(Part five of my exploration of the 25 songs in
25 slightly-more days blogging challenge — a way to bank and pre-schedule a few posts for JALC while I’m off a-travelling.) Day Song 5: A song that is often stuck in your head
Ah yes, the dreaded earworm. The song that infects the aural passages and the bloodstream, often causing physical pain and existential crisis akin to that once faced by Anton Chekhov a long time ago in a future inhabited by Ricardo Montalban:
I have a strangely high tolerance for earworms. For me, they impact the same part of my brain where my affection for guilty pleasures and things delightfully kitschy resides, so even if the pleasure of said ear worm is of a different flavor than, say, my love for the Gayatri Mantra, I do often find a sincere sort of pleasure in hearing the “ear worm song.”
Entries from my young adulthood like Macarena, Mambo No. 5, or Lambada? Why are all of these Latinate one-hit wonders? Only Gaia knows… Also, is there anyone else out there who immediately spotted the Kaoma sample when JLo came out with her Pitbull collab, On the Floor? Just me, then.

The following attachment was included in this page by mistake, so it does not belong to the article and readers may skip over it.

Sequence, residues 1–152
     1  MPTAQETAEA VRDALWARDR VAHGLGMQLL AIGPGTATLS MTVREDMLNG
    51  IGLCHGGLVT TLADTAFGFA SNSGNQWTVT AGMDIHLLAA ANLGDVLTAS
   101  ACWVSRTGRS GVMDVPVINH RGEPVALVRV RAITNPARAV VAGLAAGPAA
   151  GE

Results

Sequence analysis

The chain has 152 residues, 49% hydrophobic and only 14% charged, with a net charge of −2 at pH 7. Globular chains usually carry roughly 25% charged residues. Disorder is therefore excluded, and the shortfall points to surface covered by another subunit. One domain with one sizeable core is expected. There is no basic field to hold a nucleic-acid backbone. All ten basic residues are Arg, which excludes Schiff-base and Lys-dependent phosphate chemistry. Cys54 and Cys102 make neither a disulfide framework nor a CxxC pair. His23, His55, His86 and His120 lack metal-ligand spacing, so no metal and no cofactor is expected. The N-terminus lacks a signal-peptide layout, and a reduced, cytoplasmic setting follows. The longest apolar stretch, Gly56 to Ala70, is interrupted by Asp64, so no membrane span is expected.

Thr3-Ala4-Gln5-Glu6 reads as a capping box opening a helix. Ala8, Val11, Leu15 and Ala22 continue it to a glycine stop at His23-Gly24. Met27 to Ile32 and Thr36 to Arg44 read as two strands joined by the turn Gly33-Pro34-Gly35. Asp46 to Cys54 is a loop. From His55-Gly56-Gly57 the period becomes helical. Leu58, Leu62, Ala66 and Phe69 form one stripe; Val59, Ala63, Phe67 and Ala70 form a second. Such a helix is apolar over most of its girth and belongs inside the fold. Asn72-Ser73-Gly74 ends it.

Perhaps I should feature recent ear worms that are imprinted on my mind’s eye as much as anywhere else — I think of the Olympic swim team and Call Me Maybe, Lara Spencer dancing Gangnam Style on the set of GMA, or that wacky moment where I was just slightly ahead of the coolness curve when Ylvis’ The Fox went supernova-viral
But ultimately, I cast back into the early 80’s for this ditty from my early teen years: Toto’s Africa.
There’s a few reasons this bubbled to the top of the pile. First, is its innate infectiousness. Second, is the fact that we sang an arrangement of it in high school chorus, meaning I will never ever ever get those “Doo doo doo doo doo doo doo”s out of my head.
Third is the way it has spawned other infectious ditties, such as Straight No Chaser’s arrangement of 12 Days of Christmas:
Fourth and finally, is this brilliant deconstruction of the song, by author Steve Almond:
Rather than expose us to the hard-won truth of individual experience, the song immerses us in the Karo syrup of an entire culture’s mass delusion. It is the love child of imperialism and muzak.
Almond’s spoken essay makes me both hate the song and love it all the more. And hate myself a little for loving it. Which is the quintessential definition of a guilty pleasure, if not of an ear worm.
Image credit: http://mcphee.com/shop/ear-worms-ear-buds.html